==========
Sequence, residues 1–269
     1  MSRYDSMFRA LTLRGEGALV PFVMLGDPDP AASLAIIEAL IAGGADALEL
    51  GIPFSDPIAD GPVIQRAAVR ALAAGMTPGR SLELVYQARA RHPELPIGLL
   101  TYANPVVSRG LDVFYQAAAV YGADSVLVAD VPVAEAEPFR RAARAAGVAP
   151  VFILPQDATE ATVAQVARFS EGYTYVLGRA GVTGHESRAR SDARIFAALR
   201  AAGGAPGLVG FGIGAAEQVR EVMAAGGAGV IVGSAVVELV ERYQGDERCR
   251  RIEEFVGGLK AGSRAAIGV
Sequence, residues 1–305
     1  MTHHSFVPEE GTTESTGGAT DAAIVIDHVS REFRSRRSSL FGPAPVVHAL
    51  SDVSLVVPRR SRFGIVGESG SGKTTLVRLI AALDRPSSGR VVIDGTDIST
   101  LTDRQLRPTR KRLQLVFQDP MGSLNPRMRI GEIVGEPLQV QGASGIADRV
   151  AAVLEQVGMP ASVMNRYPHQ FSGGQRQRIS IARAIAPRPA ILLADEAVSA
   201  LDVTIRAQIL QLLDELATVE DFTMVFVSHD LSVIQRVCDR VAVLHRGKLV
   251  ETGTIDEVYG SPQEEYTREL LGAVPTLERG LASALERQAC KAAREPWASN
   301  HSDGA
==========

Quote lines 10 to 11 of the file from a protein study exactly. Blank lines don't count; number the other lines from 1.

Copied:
    51  SDVSLVVPRR SRFGIVGESG SGKTTLVRLI AALDRPSSGR VVIDGTDIST
   101  LTDRQLRPTR KRLQLVFQDP MGSLNPRMRI GEIVGEPLQV QGASGIADRV